Today’s Headlines: Why Eating Canned Vegetables Could Be Good For You, How Exercise Can Help Your Immune System, and Reasons Environments and Bad Habits Can Increase Your Risk of Cancer

People who eat canned fruits and veggies have a healthier diet than those that do not eat vegetables at all. A new study funded by the Canned Food Alliance aimed to discover if there were any health benefits of eating canned vegetables. “About 11% of these individuals ate canned vegetables and fruits on any given day. Overall, these people tended to consume higher amounts of certain nutrients as well as more calories, sugar and fat…” The study advised to look for low-sodium and low-sugar canned goods in order to eliminate excess calories, sugar, and fat upon consumption. While the study did not say that canned fruits and vegetables were better or worse than fresh ones, it did stress that the important takeaway is to eat fruit and veggies no matter what packaging they come in. (Fox)

Exercising may be able to help you fight a cold more efficiently. A recent study has shown that frequent exercise could be the key to building up a healthier immune system. “…our immune system reacts to invading microbes through a variety of cells. Some of these cells don’t directly combat the infection, but instead promote the development of inflammation…Scientists have long tried to determine why inflammation sometimes grows rampant in the body. One thing they’ve noticed is that fat cells are particularly adept at producing substances that promote inflammation…[which] can lead to…a weaker overall immune response to an infection or illness.” Regular exercise promotes positive inflammation in the body—through the healing and growth of muscles—and decreases the likelihood of excessive negative inflammation that can lead to colds, flus, and other infections. (NY Times)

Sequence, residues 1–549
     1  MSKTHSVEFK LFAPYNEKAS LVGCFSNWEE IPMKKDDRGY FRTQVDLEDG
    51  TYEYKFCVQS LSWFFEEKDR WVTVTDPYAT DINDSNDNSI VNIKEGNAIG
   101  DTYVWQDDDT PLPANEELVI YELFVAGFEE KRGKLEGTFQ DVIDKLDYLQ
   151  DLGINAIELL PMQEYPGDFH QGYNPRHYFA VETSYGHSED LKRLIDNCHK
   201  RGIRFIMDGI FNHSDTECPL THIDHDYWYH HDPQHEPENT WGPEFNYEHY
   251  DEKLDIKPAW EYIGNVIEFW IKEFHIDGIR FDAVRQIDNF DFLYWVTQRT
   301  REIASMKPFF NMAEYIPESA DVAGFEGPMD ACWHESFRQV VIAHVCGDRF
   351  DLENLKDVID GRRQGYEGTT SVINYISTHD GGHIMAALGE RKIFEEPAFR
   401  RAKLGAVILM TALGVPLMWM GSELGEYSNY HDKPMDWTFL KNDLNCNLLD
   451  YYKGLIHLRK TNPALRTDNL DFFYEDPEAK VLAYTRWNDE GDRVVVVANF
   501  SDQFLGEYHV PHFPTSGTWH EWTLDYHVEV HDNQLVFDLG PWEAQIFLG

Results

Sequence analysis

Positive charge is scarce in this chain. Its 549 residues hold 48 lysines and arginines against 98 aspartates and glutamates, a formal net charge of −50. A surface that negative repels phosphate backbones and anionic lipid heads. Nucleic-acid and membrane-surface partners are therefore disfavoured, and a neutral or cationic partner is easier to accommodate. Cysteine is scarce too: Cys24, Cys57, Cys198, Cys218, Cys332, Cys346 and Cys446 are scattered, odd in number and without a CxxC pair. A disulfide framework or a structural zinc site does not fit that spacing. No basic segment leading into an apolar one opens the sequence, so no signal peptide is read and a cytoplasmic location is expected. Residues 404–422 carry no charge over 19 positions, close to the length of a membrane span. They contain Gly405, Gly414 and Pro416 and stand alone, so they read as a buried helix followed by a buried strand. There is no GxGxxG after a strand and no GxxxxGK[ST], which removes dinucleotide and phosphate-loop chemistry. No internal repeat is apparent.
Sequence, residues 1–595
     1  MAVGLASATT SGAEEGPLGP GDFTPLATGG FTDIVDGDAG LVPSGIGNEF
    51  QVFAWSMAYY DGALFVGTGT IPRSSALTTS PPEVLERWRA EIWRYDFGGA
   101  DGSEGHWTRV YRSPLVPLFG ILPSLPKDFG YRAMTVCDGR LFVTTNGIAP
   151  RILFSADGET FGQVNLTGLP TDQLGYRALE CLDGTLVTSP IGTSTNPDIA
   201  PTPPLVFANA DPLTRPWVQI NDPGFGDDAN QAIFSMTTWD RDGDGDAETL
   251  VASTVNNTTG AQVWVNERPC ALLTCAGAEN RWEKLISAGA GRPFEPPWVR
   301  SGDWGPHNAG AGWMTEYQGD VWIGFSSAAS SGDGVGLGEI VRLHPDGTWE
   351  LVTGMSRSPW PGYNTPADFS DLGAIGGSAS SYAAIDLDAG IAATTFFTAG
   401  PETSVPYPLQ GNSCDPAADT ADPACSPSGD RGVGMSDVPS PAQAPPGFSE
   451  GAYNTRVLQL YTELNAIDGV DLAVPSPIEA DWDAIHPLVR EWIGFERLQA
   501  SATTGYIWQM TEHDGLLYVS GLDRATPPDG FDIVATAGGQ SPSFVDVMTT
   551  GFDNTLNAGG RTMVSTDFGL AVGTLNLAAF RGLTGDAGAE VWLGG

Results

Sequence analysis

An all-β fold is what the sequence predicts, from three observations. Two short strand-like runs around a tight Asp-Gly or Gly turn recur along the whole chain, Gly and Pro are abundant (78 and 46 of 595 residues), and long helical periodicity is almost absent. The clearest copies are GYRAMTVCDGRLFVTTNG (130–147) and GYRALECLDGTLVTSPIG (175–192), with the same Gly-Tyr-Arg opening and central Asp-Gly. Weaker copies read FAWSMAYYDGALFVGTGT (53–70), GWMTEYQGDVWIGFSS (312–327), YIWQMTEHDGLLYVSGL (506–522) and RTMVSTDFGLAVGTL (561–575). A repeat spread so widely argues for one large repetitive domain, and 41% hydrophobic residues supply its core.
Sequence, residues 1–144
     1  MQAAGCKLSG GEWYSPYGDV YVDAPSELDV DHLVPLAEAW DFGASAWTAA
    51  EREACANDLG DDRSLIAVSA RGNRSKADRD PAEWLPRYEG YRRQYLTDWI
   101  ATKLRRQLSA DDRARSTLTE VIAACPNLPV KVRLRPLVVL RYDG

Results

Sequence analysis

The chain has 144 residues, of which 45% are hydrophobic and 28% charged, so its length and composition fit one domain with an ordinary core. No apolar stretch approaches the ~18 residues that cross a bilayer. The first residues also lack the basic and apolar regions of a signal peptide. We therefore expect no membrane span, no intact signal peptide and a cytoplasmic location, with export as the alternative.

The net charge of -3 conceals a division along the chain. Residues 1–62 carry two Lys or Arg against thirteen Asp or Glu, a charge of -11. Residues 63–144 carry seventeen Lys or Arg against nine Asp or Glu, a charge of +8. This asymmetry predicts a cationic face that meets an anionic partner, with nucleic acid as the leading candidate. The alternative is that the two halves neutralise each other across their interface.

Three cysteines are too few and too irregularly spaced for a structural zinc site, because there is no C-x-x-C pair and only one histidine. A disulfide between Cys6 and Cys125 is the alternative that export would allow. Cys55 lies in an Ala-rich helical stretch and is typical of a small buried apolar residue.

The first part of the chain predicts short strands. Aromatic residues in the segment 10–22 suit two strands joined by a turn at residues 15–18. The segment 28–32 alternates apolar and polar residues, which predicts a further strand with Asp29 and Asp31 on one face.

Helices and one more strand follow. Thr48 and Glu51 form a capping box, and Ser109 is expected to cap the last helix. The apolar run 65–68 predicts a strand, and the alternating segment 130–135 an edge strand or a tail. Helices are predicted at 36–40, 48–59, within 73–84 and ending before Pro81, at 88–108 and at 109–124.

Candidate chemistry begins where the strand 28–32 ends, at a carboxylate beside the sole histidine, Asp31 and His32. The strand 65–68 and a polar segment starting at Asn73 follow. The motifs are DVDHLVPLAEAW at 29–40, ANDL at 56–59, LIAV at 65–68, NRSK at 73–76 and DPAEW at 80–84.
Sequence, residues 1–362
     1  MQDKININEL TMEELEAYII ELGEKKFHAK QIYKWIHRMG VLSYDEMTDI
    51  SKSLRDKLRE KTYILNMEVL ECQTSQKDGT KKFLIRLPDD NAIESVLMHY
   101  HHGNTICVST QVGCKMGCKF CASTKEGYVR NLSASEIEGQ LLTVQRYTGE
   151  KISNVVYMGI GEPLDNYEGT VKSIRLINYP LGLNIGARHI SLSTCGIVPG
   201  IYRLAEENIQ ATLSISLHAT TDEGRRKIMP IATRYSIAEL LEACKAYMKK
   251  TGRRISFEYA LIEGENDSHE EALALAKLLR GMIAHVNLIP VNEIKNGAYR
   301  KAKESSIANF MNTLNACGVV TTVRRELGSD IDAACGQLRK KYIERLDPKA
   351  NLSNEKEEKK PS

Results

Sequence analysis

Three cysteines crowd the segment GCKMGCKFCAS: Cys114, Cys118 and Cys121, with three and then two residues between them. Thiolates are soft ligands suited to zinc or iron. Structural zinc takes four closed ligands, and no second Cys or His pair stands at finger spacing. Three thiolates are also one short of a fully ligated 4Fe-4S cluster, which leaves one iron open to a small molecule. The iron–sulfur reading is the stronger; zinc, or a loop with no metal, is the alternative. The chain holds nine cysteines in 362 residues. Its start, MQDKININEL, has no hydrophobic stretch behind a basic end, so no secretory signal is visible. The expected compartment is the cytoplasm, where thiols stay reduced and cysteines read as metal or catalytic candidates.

Gene mutations leading to cancer could be a result of your lifestyle more than your genetic makeup. A new cancer study has tried to disprove the “bad luck” cancer theory—that you get cancer as a result of bad luck or inevitable family history and there are no concrete ways to identify other potential causes. But this study aimed to prove other causes, explaining that cancer is “…caused either by intrinsic factors that are part of the innate way the body operates, such as the risk of mutations occurring every time a cell divides, or extrinsic factors such as smoking, UV radiation and many others that have not been identified…the results consistently suggested 70-90% of the risk was due to extrinsic factors.” While a healthy diet and healthy lifestyle overall does not guarantee that you will never be diagnosed with cancer, it does significantly improve your chances. (BBC)